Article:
Saturday, September 15, 2007

Master's Degrees More Popular Than Ever

An article in the September 12, 2007, edition of the New York Times entitled "Master’s Degrees Abound as Universities and Students See a Windfall" by Hannah Fairfield says that the number of students earing master's degrees in the United States "has nearly doubled since 1980. Since 1970, the growth is 150 percent, more than twice as fast as bachelor and doctorate programs."

Students and universities alike see the master's programs as "targets of opportunity," according to George L. Mehaffy, a vice president of the American Association of State Colleges and Universities. Even though the degrees are often expensive and scholarships and fellowships are rare, many say "the price is worth it."

". . . In his two-year master’s program in science technology and environmental policy from the University of Minnesota Craig Nelson had $35,000 in loans. Now, he works in regulatory affairs at the 3M Company.

“'Without the degree, I wouldn’t have the job,' he said. 'So even though I’ll be paying the loan for 10 years, it was a good move for me.' "

Some universities are also "luring master’s students into staying for multiple years by offering dual-degree programs: two master’s degrees at twice the cost. Some programs join international affairs and journalism, science and public policy, business and education. Other schools extend programs; for example, the University of Wisconsin’s two-year master’s degree in anthropology can be lengthened to three years if students want to add a museum studies concentration.

"Rey A. Phillips Santos has three graduate degrees gracing his résumé: two master’s and one in law. After completing the master’s of arts program in the social sciences from the University of Chicago, he decided to go on to the Chicago-Kent College of Law, in a joint-degree program in environmental management with the Stuart Graduate School of Business.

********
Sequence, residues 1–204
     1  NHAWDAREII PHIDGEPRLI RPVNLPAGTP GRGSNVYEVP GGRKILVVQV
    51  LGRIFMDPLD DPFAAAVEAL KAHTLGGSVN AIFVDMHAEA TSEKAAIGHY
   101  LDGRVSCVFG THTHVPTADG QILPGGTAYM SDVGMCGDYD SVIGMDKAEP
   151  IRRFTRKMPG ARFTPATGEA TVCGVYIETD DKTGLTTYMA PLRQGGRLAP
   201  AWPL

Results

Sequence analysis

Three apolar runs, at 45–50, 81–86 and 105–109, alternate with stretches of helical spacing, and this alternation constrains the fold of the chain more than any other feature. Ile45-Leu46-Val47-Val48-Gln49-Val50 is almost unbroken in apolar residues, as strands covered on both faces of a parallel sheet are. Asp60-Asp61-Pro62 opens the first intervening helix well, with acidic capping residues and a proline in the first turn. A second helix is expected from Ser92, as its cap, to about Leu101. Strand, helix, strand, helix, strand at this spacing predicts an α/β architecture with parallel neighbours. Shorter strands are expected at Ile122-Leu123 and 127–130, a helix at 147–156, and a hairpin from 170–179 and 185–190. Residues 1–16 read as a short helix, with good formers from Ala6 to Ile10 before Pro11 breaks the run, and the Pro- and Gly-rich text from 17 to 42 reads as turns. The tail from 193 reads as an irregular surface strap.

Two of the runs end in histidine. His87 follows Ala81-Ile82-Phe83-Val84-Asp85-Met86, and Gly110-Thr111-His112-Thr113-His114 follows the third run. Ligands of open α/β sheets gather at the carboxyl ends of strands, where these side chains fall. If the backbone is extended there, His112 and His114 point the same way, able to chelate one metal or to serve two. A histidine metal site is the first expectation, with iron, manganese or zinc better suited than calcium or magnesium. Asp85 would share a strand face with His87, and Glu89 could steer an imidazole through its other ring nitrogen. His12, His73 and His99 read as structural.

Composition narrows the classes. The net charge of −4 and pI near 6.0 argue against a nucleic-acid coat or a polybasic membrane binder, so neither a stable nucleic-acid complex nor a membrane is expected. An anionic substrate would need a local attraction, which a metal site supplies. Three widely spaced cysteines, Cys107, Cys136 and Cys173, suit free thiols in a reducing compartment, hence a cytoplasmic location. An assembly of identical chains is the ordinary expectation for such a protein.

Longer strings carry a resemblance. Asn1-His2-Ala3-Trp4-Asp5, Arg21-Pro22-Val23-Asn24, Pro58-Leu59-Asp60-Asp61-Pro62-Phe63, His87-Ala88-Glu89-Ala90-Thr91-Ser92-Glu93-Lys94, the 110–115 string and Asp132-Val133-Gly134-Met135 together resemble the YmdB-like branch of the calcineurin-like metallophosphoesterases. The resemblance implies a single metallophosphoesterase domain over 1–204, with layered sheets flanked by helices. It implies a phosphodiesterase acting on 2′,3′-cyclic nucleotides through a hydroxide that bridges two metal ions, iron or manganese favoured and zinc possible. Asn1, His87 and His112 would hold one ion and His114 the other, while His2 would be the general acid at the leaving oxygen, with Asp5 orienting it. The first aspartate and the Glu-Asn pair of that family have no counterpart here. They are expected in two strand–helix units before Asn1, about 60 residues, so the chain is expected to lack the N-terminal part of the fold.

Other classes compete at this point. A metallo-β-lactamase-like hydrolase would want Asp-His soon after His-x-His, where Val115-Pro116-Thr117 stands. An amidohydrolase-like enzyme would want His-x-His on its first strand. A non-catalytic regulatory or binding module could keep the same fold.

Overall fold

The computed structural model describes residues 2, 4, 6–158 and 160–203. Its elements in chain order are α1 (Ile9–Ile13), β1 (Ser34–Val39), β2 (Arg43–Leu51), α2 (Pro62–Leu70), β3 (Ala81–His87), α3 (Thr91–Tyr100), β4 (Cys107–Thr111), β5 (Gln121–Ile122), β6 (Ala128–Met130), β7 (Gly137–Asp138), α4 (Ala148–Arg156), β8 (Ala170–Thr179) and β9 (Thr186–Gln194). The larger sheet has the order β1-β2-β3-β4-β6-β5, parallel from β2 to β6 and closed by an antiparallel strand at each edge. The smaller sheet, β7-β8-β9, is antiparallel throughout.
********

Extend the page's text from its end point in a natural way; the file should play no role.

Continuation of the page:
“'There is a huge demand for credentials in high-level jobs now,' said Mr. Phillips, who is a lawyer for the Chicago city government. 'Each of my degrees helped me to get a leg up in the job market, and earn higher salaries than I would have otherwise. They were great investments.'”

Universities are also benefitting from the surge in demand for master's degrees. They can charge higher tuition because the students are often already in the working market and will get even high salaries because of the degrees. They are willing to take out the loans as investments in their future. Universities do not have to provide housing for these students and, as stated earlier, there is not much financial aid involved.

To read the whole article, follow the link at the top of this posting.


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